This past week, in CHC2P, we started with Genius Hour! If you're not familiar with Genius Hour (or 20% time), check this out: http://www.geniushour.com/
"Genius hour is a movement that allows students to explore their own passions and encourages creativity in the classroom. It provides students a choice in what they learn during a set period of time during school. It’s not easy to determine where the idea was originally created, but there are at least two events that have impacted genius hour". The concept originated with Google: they gave employees 60 minutes per week to work on any project they wanted. The result? An increase in creativity and productivity! Google states that over 50% of Google products were created during this "20%" time.
In our class, there will be some minor adaptations.
a) Since I only teach my students one class per day, we cannot sacrifice a full 75 minutes (one class) per week. We can, however, use 30 minutes of one class period per week to explore new ideas.
b) Since I teach high school (subject specific), we must focus on History. That said, they are free to research, create, build, discover anything they want related to Canadian history!
As you can see from the photo above, our first "Genius Time" session was a success. I promise that this photo was not staged! Students were finding websites, videos, pictures, etc. about all sorts of neat things related to Canadian History using our school set of iPads!
I really like Genius Time for a few reasons:
1. In keeping with our school board priority of innovation and creativity, Genius Time allows students to explore their areas of interest and come up with creative ways to share their learning. Talk about active and authentic learning!
2. It ties into the Ontario School Effectiveness Framework; it provides opportunity for student voice, classroom leadership and assessment as and for learning, along with traditional teaching and learning opportunities. It allows students to share their learning, take initiative and responsibility for their own learning and interests and the skills to share this learning with their peers.
3. It supports the underlying principles of Differentiated Instruction and Growing Success. What better way to differentiate by needs, interests, readiness and learning style than to allow students to choose all of the above?! Genius Time allows students to work at their own pace, with content that is appropriate to their learning level/ability and present/share in a way that represents their learning styles.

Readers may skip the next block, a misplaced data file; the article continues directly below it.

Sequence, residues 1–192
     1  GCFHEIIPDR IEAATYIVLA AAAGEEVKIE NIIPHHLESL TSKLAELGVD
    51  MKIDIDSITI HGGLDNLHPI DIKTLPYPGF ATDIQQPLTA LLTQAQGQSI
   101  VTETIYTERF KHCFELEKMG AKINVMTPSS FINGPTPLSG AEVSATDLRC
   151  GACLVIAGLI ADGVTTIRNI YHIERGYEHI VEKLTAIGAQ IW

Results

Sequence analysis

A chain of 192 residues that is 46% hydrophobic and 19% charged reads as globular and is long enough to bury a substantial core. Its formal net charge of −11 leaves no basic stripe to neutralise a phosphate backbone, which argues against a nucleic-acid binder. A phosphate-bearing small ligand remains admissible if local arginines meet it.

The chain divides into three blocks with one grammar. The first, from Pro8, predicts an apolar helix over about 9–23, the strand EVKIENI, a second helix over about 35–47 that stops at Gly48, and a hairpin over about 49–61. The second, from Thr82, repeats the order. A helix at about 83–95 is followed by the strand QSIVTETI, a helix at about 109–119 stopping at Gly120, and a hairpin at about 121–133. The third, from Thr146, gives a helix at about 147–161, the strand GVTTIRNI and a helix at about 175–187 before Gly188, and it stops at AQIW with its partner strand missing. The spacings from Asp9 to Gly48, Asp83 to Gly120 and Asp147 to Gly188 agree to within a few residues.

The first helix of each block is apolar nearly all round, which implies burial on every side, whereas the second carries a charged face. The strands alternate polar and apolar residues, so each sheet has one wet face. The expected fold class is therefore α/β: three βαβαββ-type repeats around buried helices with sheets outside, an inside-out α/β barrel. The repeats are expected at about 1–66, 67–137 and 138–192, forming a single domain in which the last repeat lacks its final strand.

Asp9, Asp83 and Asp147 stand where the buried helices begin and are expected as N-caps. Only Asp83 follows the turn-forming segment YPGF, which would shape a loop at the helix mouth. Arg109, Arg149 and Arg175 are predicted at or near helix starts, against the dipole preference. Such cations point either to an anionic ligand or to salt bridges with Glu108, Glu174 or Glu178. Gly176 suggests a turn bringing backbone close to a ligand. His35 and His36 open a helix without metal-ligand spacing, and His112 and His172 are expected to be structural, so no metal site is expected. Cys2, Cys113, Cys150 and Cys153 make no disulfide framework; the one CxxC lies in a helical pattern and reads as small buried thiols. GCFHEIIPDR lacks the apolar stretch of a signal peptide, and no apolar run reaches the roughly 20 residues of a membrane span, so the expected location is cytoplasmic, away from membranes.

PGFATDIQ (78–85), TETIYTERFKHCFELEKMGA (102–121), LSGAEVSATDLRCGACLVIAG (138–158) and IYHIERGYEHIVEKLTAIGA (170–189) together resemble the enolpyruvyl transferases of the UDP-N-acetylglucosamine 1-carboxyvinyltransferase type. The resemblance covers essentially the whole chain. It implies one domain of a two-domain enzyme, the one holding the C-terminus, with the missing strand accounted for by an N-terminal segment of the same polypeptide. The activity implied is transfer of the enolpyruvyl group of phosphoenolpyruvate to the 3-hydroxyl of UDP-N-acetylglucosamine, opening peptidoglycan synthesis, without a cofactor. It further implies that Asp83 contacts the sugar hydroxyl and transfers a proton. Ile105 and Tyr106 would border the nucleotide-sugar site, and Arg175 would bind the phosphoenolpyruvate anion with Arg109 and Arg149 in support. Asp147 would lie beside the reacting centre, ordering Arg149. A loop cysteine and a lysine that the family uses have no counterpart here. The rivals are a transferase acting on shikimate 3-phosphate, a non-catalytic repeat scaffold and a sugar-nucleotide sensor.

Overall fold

I really look forward to seeing how Genius Time works over the course of the semester in my class!
Do you have insight to share about YOUR Genius Time? Drop me a comment! I'd love to hear about it!
Last week, we were very successful in getting set up on all sorts of educational technology! In my CHC2P class, we set up our Twitter accounts. Already, we have taken pictures of in class work and shared it via Twitter. Next week, once we begin WWI, we will be tweeting responses to discussion questions, links to cool and informative videos and websites that we find online!
In ENG1D, we set up our school emails (Gmails) and our blogs and have already worked our way through 2 blog posts related to the short stories we were reading! After creating a first blog on their own, we co-constructed criteria about what makes a "good blog" in class and how we can comment effectively on blog posts! https://pbs.twimg.com/media/BUTmzZbIMAA4GwA.jpg How did we do?!
I'll link to different blogs from time to time but here's Clare's blog to start... I think she's done a great job so far: http://clareeng1d.blogspot.ca/ With a few blogs complete, we are going to start sharing insight and feedback with each other in the next few days. To facilitate blogging, I have reserved the school set of iPads once per week so that we can maintain our blogs and share comments. At other times, students are welcome to BYOD (bring their own device) to class as well!
In CHC2DA (my ESL history class), we used QR codes in the classroom to help us learn new terms for our study notes. We also add to our "word wall" each day with new vocabulary that we are unfamiliar with! We also use Edmodo!
We're off to a great start and having lots of fun so far!
Gathering evidence of learning VS gathering "marks": Why I spend way more time on formative assessment than summatives.
I have spent the last 4 years really delving deep into the power of assessment. Often, when people think about assessment, the usual suspects come to mind - tests, exams, quizzes, maybe a project or two.